Last year, Seagate announced their 8 TB Archive HDD, and as of recently, this drive has actually become available through retail channels. It features both a very high storage capacity and a relatively low price per gigabyte. How did Seagate manage to accomplish this? And would the Archive HDD be a good choice for your PC or NAS? Read all about it in this review.
Although the maximum storage capacity of hard drives has been steadily increasing over the years, innovation seems to have slowed down as of late. While this can partially be explained by the rising popularity of SSDs, the fact that manufacturers are slowly approaching the limit of what's physically possible also plays a role. Using contemporary technologies, a capacity of approximately 1 TB to 1.2 TB per platter (the internal magnetic disks that make up hard drives) seems to be the most that manufacturers can offer. At the same time, the use of conventional methodologies allows them to house a maximum of five or six such platters within a 3.5″ enclosure. For example, Western Digital's 6 TB hard drives use five platters of 1.2 TB each.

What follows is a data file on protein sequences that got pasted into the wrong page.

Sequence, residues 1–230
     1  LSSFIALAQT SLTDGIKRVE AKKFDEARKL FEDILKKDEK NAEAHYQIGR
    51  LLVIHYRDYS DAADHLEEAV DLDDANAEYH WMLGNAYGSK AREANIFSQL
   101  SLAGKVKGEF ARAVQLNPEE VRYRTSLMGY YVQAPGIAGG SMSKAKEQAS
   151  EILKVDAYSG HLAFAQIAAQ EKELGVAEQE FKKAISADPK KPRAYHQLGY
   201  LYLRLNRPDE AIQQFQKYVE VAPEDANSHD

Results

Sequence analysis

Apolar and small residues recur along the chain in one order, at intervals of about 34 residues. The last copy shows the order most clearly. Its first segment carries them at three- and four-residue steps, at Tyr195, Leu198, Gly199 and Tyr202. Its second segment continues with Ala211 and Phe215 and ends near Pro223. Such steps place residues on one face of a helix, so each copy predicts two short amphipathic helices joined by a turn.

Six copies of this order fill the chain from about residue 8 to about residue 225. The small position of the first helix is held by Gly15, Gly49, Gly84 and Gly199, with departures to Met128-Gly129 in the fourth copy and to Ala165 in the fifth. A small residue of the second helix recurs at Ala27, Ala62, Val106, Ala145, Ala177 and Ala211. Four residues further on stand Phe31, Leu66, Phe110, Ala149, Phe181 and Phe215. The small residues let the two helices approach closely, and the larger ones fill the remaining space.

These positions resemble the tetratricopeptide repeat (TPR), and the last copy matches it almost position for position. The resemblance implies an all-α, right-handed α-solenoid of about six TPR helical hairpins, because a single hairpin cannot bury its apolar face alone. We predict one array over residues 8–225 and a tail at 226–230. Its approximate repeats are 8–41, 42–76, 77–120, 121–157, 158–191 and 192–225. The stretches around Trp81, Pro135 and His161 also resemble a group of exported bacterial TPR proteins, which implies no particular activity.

Because of vibrations, placing more than six platters in a 3.5″ enclosure is essentially impossible. However, HGST has been offering professional, server-oriented 8 TB hard drives that utilize seven 1.2 TB platters. The manufacturer sealed these UltraStar He8 disks in an airtight fashion and filled them with helium. This approach results in less resonation of the platters, allowing them to be positioned closer to one another. Regrettably, it also results in fairly steep prices. As a result, filling hard drives with helium simply isn't a viable solution for consumer-oriented drives for the time being, as these need a friendlier price per gigabyte.
Seagate's new Archive HDD 8TB certainly has a friendly price tag, as it costs around $288 / £214 / €288 on average, making it about as expensive as a Western Digital Red 6TB. Just how does Seagate manage to offer a hard drive with such a high capacity at such a competitive price? The answer lies in the so-called Shingled Magnetic Recording technology.